Knowing how porous our skin is, it stands to reason that if chemicals and toxins can enter into our bodies through our skin, then perhaps the toxins can be pulled out of our bodies through our skin as well.  Plus taking baths make me sweat, which is a known form of detox.  In fact, that's why many people use saunas as a form of detox.  So it may be possible that the Epsom salt assists in pulling the toxins away from the body as they are purged through the sweat.

Whether my logic is flawed or not, I drew myself a warm bath and put about 1/4 cup of generic, inexpensive Epsom salt.  Since I associated "salt" with drying out my skin (whether correctly or not), I also added a little bit of natural bath oil.  I soaked for about 15 minutes, opened the drain of the tub, and quickly washed the oil out of my hair.

My skin looked fabulous after an Epsom salt bath! It glowed.  And my hair?  It looked lusciously healthy; it's almost as if the salt pulled all of the impurities and build-up out of it.  Despite not knowing whether the Epsom salt bath actually draws out toxins from within my body or not, I still enjoy periodically taking one to rejuvenate my skin and hair.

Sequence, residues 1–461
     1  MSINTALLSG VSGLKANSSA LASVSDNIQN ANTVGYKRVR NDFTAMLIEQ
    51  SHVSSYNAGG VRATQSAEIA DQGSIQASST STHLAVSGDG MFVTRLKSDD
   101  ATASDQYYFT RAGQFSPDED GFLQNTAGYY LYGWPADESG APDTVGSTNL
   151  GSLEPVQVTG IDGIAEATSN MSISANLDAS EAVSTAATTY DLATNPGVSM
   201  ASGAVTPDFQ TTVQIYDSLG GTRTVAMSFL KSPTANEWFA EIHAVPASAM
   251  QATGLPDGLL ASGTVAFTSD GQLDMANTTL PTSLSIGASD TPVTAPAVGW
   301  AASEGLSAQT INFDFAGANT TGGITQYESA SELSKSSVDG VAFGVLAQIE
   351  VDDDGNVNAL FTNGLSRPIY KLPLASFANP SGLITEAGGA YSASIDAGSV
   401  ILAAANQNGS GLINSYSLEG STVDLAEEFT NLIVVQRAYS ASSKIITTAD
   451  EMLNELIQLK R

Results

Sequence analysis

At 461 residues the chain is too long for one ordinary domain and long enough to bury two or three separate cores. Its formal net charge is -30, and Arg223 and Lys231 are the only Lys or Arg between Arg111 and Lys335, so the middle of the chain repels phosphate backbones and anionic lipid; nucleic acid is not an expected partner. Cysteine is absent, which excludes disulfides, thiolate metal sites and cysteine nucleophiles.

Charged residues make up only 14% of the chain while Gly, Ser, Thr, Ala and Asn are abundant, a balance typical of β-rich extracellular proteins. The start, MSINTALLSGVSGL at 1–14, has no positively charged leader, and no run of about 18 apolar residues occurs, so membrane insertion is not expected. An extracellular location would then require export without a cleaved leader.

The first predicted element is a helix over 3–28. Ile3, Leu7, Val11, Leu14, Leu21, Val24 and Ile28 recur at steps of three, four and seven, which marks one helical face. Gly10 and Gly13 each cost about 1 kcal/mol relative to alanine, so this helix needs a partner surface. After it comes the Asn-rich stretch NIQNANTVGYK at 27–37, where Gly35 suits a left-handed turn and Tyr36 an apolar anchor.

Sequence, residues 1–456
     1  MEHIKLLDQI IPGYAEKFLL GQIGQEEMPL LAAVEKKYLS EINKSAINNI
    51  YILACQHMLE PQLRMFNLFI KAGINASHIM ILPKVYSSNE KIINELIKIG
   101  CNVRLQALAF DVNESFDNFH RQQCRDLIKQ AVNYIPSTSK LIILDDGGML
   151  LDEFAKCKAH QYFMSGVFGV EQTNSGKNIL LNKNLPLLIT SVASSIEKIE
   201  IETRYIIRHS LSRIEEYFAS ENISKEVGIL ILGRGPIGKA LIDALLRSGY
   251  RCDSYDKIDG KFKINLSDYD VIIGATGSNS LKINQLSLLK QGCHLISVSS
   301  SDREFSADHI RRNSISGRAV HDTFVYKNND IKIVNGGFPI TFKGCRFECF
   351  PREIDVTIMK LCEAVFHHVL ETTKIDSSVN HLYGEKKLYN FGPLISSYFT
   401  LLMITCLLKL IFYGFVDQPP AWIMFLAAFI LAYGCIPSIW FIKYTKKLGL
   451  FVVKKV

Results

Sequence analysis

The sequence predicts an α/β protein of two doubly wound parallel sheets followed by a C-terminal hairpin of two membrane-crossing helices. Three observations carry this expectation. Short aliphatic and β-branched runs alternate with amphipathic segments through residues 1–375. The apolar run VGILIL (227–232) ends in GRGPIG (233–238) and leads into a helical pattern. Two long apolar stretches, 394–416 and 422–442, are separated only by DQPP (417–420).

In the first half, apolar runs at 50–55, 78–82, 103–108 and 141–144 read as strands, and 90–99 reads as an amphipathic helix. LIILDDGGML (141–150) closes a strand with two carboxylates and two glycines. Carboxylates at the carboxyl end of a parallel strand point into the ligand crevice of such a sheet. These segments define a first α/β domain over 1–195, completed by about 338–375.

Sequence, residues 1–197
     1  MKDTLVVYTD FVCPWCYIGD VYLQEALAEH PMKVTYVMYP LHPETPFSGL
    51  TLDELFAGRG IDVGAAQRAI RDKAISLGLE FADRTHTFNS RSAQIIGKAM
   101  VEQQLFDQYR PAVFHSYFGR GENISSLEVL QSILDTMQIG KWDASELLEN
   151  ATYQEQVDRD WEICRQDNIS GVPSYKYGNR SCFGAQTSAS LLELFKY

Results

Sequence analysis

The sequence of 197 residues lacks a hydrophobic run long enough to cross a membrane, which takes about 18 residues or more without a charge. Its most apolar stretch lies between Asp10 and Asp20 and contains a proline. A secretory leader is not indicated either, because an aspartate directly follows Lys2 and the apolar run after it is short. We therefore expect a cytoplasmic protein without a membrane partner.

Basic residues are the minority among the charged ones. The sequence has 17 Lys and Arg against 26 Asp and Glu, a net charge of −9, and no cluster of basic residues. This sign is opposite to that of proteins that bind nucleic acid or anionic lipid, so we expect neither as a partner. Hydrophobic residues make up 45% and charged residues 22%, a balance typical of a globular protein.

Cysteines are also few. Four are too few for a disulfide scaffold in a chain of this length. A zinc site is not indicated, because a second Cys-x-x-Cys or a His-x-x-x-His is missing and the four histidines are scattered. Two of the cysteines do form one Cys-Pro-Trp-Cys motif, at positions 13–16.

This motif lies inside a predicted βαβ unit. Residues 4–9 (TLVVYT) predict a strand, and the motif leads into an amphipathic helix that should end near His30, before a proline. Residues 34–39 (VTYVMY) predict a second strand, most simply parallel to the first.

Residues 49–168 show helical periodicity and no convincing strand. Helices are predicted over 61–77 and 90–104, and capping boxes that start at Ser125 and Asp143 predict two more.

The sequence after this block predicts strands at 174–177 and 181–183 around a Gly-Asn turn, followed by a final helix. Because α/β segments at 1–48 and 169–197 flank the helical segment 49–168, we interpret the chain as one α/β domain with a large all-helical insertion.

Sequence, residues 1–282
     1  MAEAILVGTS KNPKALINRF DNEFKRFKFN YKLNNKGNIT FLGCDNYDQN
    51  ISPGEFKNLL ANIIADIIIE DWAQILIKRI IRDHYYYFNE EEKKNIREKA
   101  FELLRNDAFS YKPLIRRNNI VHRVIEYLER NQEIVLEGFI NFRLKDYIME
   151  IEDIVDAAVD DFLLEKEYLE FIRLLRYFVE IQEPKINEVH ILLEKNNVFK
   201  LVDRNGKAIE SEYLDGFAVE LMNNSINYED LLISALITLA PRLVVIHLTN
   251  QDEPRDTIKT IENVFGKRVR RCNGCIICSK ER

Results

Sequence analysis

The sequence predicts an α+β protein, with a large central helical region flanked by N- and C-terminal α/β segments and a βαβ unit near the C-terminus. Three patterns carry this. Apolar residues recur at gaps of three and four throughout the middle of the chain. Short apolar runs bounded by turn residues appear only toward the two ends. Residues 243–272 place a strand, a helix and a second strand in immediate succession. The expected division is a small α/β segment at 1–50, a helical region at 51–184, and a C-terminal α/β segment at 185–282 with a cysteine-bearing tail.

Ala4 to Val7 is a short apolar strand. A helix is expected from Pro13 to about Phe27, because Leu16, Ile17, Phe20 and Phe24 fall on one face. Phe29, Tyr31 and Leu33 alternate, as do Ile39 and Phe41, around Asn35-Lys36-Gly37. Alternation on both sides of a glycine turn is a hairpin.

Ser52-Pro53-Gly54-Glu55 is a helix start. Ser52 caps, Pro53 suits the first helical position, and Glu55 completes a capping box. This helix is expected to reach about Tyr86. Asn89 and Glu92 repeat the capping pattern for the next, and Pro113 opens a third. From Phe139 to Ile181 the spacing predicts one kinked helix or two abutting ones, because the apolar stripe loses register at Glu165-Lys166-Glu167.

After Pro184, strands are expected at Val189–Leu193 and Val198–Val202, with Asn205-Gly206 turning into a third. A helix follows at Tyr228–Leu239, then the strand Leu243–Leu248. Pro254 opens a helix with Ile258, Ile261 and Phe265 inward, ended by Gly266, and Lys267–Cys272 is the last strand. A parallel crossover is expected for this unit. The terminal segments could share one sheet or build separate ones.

Warning: For some reason, only while juice fasting, I am completely nauseous soon after I stand up after taking this bath.  Sometimes I have to quickly step out of the shower and lay down on the bath mat until the nausea dissipates.  I can only speculate why this happens.  Perhaps it's because the Epsom salt "shakes" things loose as it draws the toxins out, and my standing up has basically shaken things up causing those toxins to move throughout my body.  Again, who knows?  I did warn a friend about this who was juice fasting, and he called me later to thank me for warning him.  He had the same issue when he stood up after his bath.